"Mr. Chairman on this vote, there are nine ayes and zero nos," the clerk said after the vote, and the resolution was agreed to.
Speaking during the hearing and by way of calling for a vote, Committee Chair Bennie Thompson said "we have left no doubt, knowing that Donald Trump led an effort to up in American democracy that directly resulted in the violence of January 6."
"He tried to take away the voice of the American people in choosing their president and replace the will of the voters with his will to remain in power," Thompson said. "He is the one person at the center of the story of what happened on January 6. So we want to hear from him. The committee needs to do everything in our power to tell the most complete story possible, and provide recommendations to help ensure nothing like January 6 ever happens again."
"We need to be fair and thorough and gain a full context for the evidence we've obtained," Thompson continued. "But the need for this committee to hear from Donald Trump goes beyond our fact-finding. This is a question about accountability to the American people. You must be accountable. He is required to answer for his actions. He was required to answer to those police officers who put their lives and bodies on the line to defend our democracy, he's required to answer to those millions of Americans whose votes he wanted to throw out as part of his scheme to remain in power," Thompson said.
"And whatever is underway to ensure this accountability under law, this committee will demand a full accounting every American person of the events of January 6. So it is our obligation to seek Donald Trump's testimony as precedent in American history of Congress to compel the testimony of a precedent precedent. That's also precedent for presidents to provide testimony and documentary evidence to congressional investigators. We also recognize that a subpoena to a former president is a serious and extraordinary action," Thompson continued.
"That's why we want to take this step in full view of the American people, especially because the subject matter at issue is so important to the American people. And the stakes are so high future in our democracy. And so I recognized and vice chair, this training the Wyoming to offer its chairman pursuant to today's notice, I send to the desk a committee resolution and ask for its immediate consideration," Thompson said, before passing it off to outgoing Wyoming Congresswoman Liz Cheney, who called for the vote.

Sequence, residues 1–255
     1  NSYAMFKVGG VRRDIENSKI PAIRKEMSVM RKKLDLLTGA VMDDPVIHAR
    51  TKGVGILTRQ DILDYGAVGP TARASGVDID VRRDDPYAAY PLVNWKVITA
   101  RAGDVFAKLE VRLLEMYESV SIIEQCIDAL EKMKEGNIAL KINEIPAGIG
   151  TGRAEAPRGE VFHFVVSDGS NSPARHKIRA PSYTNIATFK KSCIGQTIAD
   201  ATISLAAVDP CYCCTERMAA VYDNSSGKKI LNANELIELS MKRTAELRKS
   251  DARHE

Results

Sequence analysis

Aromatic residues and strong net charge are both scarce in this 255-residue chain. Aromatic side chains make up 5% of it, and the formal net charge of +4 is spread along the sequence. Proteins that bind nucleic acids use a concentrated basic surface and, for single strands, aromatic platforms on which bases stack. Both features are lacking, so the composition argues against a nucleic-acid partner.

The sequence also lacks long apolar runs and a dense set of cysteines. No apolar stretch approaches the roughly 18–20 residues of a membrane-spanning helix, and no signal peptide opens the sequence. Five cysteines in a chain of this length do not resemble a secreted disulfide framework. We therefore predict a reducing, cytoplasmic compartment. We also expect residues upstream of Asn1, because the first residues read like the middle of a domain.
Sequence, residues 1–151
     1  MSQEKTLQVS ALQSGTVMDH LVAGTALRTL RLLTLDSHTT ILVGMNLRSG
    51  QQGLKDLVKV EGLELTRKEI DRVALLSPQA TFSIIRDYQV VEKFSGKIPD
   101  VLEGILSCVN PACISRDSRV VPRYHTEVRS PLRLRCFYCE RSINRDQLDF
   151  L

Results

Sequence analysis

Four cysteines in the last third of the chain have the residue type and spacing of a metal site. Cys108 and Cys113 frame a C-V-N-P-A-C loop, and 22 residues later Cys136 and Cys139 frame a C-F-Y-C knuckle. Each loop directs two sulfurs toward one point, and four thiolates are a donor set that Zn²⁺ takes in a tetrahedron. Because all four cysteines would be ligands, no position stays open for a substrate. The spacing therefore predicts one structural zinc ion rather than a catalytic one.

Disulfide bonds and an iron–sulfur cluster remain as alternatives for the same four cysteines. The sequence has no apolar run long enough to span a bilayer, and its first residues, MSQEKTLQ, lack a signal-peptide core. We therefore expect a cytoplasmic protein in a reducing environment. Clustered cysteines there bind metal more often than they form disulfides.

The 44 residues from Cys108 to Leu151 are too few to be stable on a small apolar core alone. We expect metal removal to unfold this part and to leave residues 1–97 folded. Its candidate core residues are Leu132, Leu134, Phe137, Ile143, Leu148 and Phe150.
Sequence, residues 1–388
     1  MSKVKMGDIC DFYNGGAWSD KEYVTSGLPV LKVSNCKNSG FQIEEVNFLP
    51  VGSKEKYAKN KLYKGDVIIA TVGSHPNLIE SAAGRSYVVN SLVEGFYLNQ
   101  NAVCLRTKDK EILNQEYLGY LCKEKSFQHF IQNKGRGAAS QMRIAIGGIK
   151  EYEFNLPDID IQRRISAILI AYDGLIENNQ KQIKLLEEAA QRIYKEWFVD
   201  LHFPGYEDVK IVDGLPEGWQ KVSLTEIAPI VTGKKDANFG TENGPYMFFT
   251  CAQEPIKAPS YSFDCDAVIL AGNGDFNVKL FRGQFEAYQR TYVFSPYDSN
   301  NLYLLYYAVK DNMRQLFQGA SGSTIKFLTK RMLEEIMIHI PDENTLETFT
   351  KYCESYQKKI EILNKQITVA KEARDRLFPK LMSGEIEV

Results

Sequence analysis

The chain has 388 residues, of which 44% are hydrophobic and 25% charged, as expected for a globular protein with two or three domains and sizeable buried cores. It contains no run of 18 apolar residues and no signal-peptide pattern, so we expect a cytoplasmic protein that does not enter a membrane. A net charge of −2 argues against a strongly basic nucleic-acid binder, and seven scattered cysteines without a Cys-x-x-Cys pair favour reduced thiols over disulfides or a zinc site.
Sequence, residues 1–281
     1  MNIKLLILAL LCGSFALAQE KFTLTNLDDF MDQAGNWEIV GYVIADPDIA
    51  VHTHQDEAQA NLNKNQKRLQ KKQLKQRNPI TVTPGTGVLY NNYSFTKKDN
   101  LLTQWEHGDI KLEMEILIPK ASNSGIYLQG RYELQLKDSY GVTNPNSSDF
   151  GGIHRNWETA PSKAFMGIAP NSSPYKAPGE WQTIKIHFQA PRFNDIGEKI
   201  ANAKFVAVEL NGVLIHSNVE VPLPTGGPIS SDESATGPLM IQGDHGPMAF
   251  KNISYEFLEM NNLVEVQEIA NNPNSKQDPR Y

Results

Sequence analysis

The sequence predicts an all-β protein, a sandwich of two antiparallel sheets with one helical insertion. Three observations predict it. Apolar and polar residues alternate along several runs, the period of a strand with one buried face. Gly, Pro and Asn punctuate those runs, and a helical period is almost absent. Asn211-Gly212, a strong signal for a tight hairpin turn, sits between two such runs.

"Our committee now has sufficient information to answer many of the critical questions posed by Congress at the outset," Cheney said. "We have sufficient information to consider criminal referrals from multiple individuals and to recommend a range of legislative proposals to guard against another January 6, but a key task remains. We must seek the testimony under oath on January 6 central player more than 30 witnesses in our investigation have invoked their fifth amendment right against self-incrimination. And several of those did so specifically in response to questions about their dealings with Donald Trump directly."
Cheney also said that "Witnesses have also gone to enormous lengths to avoid testifying about their dealings with Donald Trump. Steve Bannon has been tried and convicted by a jury of his peers for contempt of Congress. He is scheduled to be sentenced for this crime later this month. criminal proceedings regarding Peter Navarro continue. And Mark Meadows, Donald Trump's former Chief of Staff has refused to testify based upon executive privilege. The committee's litigation with him continues."
"Mr. Chairman, at some point the Department of Justice may well unearth facts that these and other witnesses are currently concealing. But our duty today is to our country and our children and our constitution," she went on. "We are obligated to seek answers directly from the man who set this all in motion. And every American is entitled to those answers. So we can act now to protect our republic. So this afternoon, I am offering this resolution that the committee directs the chairman to issue a subpoena for relevant documents and testimony under oath from Donald John Trump in connection with the January 6 attack on the United States Capitol."
The vote is intended to make the case "that Trump was the central antagonist in the attack and in preceding efforts to overturn the election," Axios reports.
The committee has questioned whether or not they should attempt to compel the former president to testify as they attempt to prove that he incited a riot at the Capitol Building on January 6, 2021.
The committee has presented hearsay evidence in an attempt to bolster its claims but has not proven that there was any prior intention or planning. Trump and his team had planned a rally that day at Washington, DC's Ellipse, which went off as planned.
Axios reports that if Trump were subpoenaed, he would be unlikely to sit before the committee and testify. They report that it's likely that the committee does necessarily want the spectacle of Trump's testimony, but is looking for a response from his team.
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